by: Arthur Guiterman (1871-1943)
Brave little fellows in crimsons and yellows,
Coming while breezes of April are cold,
Winter can’t freeze you; he flies when he sees you
Thrusting your spears through the redolent mold.
Jolly Dutch flowers rejoicing in showers,
Drink! ere the pageant of Spring passes by!
Hold your carousals to Robin’s espousals,
Lifting rich cups for the wine of the sky!
Dignified urbans in glossy silk turbans,
Burgher-like blossoms of gardens and squares,
Nodding so solemn by fountain and column,
What is the talk of your weighty affairs?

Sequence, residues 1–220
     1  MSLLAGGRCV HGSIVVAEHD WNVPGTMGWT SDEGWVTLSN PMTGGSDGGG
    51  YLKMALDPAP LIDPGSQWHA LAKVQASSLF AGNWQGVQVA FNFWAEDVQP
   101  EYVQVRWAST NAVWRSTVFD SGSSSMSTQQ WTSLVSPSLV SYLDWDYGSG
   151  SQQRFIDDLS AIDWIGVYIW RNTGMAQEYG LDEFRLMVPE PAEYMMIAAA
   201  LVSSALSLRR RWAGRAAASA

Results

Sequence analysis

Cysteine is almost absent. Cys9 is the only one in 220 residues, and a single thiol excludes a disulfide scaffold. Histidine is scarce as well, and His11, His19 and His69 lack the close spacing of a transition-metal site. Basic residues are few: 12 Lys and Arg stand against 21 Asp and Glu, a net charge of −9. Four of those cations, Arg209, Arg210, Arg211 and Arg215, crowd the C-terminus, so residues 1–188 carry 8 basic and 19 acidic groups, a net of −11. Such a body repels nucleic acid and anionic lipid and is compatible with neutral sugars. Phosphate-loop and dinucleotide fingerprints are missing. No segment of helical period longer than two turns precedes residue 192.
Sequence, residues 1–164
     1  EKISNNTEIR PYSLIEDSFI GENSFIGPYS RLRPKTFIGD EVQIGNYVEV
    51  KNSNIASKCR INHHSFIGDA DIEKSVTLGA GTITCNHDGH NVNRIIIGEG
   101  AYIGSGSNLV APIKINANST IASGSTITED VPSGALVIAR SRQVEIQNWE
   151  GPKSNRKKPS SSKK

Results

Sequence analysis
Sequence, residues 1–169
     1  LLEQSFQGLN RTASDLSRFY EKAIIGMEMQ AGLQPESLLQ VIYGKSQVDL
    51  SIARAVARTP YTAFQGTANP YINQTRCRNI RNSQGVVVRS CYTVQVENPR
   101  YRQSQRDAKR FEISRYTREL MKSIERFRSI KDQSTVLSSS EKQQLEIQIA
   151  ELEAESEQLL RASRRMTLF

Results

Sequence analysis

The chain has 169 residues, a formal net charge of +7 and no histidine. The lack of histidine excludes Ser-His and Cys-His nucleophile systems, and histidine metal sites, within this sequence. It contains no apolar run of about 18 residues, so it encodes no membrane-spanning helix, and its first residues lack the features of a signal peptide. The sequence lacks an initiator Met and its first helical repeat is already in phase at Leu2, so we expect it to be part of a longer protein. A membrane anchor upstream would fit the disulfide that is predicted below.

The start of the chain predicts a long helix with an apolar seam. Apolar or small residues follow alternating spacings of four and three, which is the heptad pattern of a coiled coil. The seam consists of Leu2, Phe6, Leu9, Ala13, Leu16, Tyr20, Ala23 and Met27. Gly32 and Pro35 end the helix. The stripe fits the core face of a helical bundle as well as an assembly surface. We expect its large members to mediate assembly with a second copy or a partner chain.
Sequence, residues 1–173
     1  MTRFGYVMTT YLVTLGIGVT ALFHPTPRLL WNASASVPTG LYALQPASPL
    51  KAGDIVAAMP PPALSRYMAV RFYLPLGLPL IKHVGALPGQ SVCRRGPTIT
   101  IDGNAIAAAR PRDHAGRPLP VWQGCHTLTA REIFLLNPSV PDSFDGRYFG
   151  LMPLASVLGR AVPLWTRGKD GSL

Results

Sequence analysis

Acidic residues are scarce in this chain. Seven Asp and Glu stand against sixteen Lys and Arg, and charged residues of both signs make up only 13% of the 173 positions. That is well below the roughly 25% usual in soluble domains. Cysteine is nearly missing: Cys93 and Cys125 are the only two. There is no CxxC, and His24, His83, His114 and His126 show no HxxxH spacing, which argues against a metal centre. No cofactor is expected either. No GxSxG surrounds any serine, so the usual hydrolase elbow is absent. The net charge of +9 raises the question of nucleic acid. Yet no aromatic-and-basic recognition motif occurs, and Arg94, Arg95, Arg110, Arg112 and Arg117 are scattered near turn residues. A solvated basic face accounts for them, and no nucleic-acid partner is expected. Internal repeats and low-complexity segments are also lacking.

Pollen and honey (for such is your money),
Gossip and freight of the chaffering bee,
Prospects for growing, what colors are showing,
News of rare tulips from over the sea?
Loitering near you, how often I hear you,
Just ere your petals at twilight are furled,
Laugh through the grasses while Evelyn passes,
“There goes the loveliest flower in the world!”